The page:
Anna Giordana's Venus project, where she digitally manipulated classic Renaissance paintings of the ancient goddess, caused quite a fuss in recent months. As an Italian, messing with near-worshipped images from her cultural heritage was always going to be a risk. Her twist? Slicing away at the curves and flesh lauded all those years ago to make Venus resemble the relatively skeletal body type revered now. We spoke to her about how personal experience informed the project, whether the discussion on body type and confidence for women is still relevant, and how art in all its forms can influence social commentary on a wider scale.
Alexandre Cabanel's The Birth Of Venus, and as manipulated by Anna below
To start, how long had you been thinking about starting the Venus project?
I started Venus a couple of years ago, and uploaded it onto my site in March or April last year. The idea came while I was retouching photographs for a friend's book and I was thinking about our society, social networks and the urgency of being accepted; in other words, all the dynamics behind human evolution, the natural consequence of our past.
I chose paintings depicting Venus because she is known to be the goddess of beauty. One of the topics touched on by Venus is the change of the aesthetic canon, so it seemed appropriate to choose the icon of beauty. However, I recently discovered that I am not the only one to have given the paintings "virtual surgery": similar projects were also developed by Nazareno Crea and Joshua Marr (all in the same period, last year!). I had an interesting and pleasant exchange of views on the subject with them.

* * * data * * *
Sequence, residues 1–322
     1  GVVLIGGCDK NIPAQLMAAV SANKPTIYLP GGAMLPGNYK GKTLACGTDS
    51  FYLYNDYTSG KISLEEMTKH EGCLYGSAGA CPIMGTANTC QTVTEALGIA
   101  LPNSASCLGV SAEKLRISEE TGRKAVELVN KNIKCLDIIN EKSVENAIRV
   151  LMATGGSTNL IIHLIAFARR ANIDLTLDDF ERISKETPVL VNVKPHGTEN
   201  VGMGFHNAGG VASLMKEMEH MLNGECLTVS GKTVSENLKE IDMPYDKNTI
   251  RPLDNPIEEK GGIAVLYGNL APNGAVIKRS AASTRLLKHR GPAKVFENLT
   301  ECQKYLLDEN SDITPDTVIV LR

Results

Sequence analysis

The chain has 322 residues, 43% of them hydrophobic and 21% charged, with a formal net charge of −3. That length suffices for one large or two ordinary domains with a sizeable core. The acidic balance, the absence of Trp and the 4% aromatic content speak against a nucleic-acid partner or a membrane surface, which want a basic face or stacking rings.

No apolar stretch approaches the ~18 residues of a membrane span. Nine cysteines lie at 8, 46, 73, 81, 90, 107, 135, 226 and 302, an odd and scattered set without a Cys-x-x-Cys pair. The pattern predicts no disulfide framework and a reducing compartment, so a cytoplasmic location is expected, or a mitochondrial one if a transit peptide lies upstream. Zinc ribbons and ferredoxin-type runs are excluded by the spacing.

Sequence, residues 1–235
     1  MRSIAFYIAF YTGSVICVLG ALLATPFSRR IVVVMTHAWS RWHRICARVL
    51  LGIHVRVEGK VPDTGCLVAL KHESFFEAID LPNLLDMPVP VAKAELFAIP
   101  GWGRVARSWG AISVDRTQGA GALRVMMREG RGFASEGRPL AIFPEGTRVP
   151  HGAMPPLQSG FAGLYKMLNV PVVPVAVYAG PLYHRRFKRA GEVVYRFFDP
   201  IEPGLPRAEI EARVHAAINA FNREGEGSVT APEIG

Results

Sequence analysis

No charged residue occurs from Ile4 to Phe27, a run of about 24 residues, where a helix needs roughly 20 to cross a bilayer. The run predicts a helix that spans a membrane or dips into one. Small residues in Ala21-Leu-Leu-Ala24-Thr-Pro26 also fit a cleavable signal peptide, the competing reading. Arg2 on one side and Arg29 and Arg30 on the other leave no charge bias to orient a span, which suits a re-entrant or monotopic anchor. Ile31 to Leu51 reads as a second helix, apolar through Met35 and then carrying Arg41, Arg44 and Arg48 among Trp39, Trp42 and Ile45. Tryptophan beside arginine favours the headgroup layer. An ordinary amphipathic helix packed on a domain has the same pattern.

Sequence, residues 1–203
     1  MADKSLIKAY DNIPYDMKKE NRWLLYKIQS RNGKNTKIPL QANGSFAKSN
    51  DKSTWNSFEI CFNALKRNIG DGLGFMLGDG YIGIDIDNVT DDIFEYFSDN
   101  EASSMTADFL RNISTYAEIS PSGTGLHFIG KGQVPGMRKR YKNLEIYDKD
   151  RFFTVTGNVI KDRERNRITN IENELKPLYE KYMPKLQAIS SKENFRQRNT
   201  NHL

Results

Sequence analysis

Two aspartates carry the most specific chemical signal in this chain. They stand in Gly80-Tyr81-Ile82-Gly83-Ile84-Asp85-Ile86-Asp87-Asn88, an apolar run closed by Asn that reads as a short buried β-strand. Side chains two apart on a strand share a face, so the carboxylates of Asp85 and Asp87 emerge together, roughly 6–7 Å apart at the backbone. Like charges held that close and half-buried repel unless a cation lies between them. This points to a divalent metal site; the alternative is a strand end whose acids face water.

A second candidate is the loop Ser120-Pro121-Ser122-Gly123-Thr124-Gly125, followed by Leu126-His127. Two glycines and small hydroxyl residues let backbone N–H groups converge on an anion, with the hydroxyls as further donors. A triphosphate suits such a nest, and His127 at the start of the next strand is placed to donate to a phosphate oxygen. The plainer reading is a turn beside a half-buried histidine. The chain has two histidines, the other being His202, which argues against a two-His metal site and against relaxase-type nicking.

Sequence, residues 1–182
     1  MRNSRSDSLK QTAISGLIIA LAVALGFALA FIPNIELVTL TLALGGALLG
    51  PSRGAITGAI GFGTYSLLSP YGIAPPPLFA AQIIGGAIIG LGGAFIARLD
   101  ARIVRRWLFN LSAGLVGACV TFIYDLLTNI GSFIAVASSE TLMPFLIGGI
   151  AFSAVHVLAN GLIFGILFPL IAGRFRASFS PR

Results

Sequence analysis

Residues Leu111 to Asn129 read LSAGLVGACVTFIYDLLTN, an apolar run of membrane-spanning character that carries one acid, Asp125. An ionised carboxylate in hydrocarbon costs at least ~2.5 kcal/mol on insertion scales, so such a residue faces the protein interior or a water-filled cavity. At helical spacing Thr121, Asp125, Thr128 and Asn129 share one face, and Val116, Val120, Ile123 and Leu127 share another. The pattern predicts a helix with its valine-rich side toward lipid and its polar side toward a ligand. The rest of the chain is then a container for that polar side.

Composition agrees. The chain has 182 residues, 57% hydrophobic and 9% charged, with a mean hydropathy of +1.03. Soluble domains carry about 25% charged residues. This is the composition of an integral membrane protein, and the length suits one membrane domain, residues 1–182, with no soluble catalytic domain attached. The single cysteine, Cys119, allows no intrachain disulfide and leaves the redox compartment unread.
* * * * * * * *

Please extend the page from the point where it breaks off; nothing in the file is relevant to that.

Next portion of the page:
Angelo Bronzino - Venus, Cupid, Folly and Time as manipulated by Anna on the right
How open do you think most young women are to the conversation about body image that your series starts?
Judging by the rapid and large diffusion of the Venus project, both online in blogs and forums and in physical newspapers (even in magazines dedicated specifically to women), I suppose that the issue is a rather delicate topic of discussion among women.
What's been your personal experience so far of people's reactions to the project?
There have been positive and negative reactions: some people didn't understand my provocation, other people and (especially) the press have lauded the project and my choice to stimulate debate around several themes.
Your PopBottles (above) are also controversial and interesting to look at. Can you tell us more about the inspiration behind them?
The idea comes from a dream I had on the night of July 26th last year. PopBottles is first of all a provocative way to highlight consumerism and also alcohol abuse by teens.
What role do you think art can play in the discussion on consumerism and modern insecurities, that are themes you touch on in your work?
I think that artists (in any field: poets, writers, painters, sculptors, musicians) have the ability to capture the "zeitgeist" of the period in which they live. The role that art can have in that same period depends on what and how art and artists are considered "important" in their societies. Really we live in a time of strong global crisis and, at least in Italy, funds for culture are decreasing... To tell you the truth my work has had very little feedback in my country.
Boticelli's Birth Of Venus, as manipulated by Anna below
Finally, what new work have you got in the pipeline? What else does 2012 have in store for Anna?
First of all Venus is currently shown in the exhibition Why Goddesses are So Beautiful: Love and Beauty in Antiquity at the Valkhof Art and Archaeology Museum in the Netherlands until the 12th of August.
I'm working on a new photographic series but I can't give any more away! In May I also have an important shoot (I'll be both the model and also the curator of the project) in Edenlandia. It was the first attempt at a European theme park, founded in Naples in 1965. Currently the park is undergoing a period of difficulty, along with the zoo attached to it, so me and some creatives from Campania have studied a relaunch campaign for the park. There will be a little 'magic'!
See the rest of the Venus series, and Anna's other work on her site.